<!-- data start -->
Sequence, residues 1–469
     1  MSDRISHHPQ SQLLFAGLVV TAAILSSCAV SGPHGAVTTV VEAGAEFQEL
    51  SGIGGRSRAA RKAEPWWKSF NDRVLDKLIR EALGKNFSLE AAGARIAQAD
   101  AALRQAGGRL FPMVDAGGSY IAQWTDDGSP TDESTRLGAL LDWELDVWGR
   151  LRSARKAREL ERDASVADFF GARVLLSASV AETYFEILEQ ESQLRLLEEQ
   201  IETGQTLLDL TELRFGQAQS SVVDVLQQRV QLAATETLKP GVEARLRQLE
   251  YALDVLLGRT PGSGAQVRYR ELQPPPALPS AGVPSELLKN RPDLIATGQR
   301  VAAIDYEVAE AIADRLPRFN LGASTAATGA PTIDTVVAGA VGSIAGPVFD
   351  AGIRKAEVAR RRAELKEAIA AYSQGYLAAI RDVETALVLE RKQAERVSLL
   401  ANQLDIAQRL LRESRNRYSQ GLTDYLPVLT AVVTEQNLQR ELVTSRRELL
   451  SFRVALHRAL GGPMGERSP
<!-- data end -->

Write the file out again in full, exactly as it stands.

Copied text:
Sequence, residues 1–469
     1  MSDRISHHPQ SQLLFAGLVV TAAILSSCAV SGPHGAVTTV VEAGAEFQEL
    51  SGIGGRSRAA RKAEPWWKSF NDRVLDKLIR EALGKNFSLE AAGARIAQAD
   101  AALRQAGGRL FPMVDAGGSY IAQWTDDGSP TDESTRLGAL LDWELDVWGR
   151  LRSARKAREL ERDASVADFF GARVLLSASV AETYFEILEQ ESQLRLLEEQ
   201  IETGQTLLDL TELRFGQAQS SVVDVLQQRV QLAATETLKP GVEARLRQLE
   251  YALDVLLGRT PGSGAQVRYR ELQPPPALPS AGVPSELLKN RPDLIATGQR
   301  VAAIDYEVAE AIADRLPRFN LGASTAATGA PTIDTVVAGA VGSIAGPVFD
   351  AGIRKAEVAR RRAELKEAIA AYSQGYLAAI RDVETALVLE RKQAERVSLL
   401  ANQLDIAQRL LRESRNRYSQ GLTDYLPVLT AVVTEQNLQR ELVTSRRELL
   451  SFRVALHRAL GGPMGERSP